Community Renewal goes international
Agency to be honored with award
By Diane Haag
The (Shreveport) Times
Mack McCarter never wanted Shreveport-Bossier Community Renewal to stay in Shreveport-Bossier City.
"I always had in mind to build a prototype that could be replicated in cities across the nation and the world."
Since founding the organization in 1994, he has preached about the transforming power of caring to anyone who will listen.
On Sunday, McCarter will have his biggest audience. Shreveport-Bossier Community Renewal will receive the Omar N. Bradley Spirit of Independence Award during halftime at the Independence Bowl, which also includes ad spots on ESPN. The game begins at 7 p.m., with Alabama and Colorado facing off.
The award and attention comes just as the organization prepares for another major expansion. On Tuesday, the organization will change its name to Community Renewal International to better reflect its ever-expanding mission and prepare for a massive fundraising effort in the spring.
"It doesn't help to change one city and not all cities," McCarter said. "We're getting a large tent because we have large ideas."
Creating community renewal
Shreveport-Bossier Community Renewal began when McCarter returned to his hometown of Shreveport in the early 1990s. It was immediately apparent the city had changed, and not always for good.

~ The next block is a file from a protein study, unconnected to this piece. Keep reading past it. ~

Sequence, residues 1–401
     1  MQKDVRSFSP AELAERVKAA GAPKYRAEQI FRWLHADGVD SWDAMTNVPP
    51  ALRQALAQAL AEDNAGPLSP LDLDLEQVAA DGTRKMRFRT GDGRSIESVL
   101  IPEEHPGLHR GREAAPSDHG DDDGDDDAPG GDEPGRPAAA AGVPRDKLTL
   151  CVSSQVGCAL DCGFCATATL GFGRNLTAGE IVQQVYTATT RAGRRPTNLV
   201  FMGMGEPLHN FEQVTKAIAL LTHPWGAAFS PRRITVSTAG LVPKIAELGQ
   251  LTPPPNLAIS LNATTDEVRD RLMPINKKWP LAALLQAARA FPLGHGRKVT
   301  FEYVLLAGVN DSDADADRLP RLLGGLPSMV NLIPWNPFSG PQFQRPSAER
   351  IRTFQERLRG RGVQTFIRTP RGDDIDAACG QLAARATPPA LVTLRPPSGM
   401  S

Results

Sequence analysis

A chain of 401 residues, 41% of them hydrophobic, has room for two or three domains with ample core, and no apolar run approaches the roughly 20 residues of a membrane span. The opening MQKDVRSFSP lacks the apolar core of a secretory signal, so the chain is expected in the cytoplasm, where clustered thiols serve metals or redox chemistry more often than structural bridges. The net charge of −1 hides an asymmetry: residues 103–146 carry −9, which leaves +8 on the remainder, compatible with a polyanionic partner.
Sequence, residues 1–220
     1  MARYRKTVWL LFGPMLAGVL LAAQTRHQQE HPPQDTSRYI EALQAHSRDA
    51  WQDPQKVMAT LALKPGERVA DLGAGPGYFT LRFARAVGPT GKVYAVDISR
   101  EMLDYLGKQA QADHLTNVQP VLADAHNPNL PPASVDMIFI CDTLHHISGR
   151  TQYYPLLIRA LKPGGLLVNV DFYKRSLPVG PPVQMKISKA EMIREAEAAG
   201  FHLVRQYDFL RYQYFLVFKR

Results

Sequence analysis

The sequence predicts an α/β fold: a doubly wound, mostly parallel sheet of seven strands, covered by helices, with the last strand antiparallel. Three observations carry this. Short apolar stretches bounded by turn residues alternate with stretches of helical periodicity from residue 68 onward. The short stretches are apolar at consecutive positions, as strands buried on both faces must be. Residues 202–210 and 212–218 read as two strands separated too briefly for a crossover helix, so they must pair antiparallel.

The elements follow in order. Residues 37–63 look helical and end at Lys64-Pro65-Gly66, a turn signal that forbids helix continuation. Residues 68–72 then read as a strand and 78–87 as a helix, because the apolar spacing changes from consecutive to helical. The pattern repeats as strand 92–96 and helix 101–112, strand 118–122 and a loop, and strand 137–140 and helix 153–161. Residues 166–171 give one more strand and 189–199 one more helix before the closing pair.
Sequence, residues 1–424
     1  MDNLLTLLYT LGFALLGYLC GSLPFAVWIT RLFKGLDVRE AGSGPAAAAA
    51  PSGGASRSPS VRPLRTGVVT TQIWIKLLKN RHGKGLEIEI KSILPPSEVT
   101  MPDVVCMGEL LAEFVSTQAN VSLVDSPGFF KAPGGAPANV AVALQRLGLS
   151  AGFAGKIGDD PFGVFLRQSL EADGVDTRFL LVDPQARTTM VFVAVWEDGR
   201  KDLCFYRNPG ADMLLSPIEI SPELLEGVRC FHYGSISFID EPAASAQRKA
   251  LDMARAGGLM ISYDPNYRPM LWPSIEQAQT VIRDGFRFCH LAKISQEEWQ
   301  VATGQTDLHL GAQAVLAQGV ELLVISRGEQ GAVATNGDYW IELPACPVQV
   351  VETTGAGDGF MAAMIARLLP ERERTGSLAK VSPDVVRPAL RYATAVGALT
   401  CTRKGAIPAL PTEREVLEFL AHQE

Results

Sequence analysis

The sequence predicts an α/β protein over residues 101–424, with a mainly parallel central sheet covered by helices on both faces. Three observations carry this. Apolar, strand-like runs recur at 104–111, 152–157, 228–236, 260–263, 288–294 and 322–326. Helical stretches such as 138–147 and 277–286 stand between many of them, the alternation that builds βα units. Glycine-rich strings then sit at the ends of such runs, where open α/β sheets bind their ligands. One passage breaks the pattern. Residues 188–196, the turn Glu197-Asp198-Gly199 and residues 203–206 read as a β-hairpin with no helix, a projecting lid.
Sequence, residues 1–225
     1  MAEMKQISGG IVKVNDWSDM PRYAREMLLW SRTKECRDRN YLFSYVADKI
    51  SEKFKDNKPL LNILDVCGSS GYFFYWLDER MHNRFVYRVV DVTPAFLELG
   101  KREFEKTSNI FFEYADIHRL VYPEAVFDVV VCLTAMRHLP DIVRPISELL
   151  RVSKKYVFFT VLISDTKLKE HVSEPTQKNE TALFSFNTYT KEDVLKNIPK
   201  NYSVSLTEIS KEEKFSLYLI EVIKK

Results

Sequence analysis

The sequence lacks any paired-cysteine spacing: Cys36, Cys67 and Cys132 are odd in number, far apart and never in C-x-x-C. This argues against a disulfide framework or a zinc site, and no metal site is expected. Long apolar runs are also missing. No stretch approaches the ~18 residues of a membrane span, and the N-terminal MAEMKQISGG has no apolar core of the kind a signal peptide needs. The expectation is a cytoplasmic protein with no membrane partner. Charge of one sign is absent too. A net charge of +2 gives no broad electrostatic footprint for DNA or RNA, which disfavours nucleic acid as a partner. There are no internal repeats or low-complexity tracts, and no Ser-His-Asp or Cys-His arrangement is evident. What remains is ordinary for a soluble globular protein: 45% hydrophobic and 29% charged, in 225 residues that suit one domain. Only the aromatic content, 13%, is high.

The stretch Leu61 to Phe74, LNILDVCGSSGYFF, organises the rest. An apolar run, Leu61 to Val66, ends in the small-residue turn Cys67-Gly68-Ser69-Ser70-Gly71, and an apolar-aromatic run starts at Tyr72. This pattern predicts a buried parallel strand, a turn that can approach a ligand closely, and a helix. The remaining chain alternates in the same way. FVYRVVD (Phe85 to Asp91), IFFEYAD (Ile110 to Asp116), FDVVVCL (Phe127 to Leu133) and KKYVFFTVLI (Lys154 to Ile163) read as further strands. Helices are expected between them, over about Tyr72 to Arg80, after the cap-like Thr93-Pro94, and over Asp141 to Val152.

Neighborhood decline and a lack of relationships seemed to be the roots of the problem, so he developed a three-prong approach to rebuilding those connections.
First, McCarter asked people to commit to doing their own individual acts of love as part of the We Care team. Then he organized people on a block level, training Haven House leaders to systematically introduce neighbors to each other.
The final and most intense piece of the model are Friendship Houses. These houses in low-income, high-crime neighborhoods are home to Community Renewal staff members and provide a community center for the neighborhood.
"There's nothing magic about the concept," said board member John Dalton, a former secretary of the U.S. Navy. "The attitude of caring and loving your neighbor improves neighborhoods and quality of life for everyone."
It sounds almost too logical and too simple, but Sandra Simpson can attest to the work it takes to create caring communities. She moved into the first Friendship House in 1997.